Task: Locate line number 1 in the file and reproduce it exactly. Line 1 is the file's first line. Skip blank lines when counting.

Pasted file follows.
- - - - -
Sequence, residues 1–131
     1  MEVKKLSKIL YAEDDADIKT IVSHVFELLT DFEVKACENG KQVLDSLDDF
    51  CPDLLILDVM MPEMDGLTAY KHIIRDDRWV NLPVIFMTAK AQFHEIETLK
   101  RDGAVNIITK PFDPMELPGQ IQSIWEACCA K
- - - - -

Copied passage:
Sequence, residues 1–131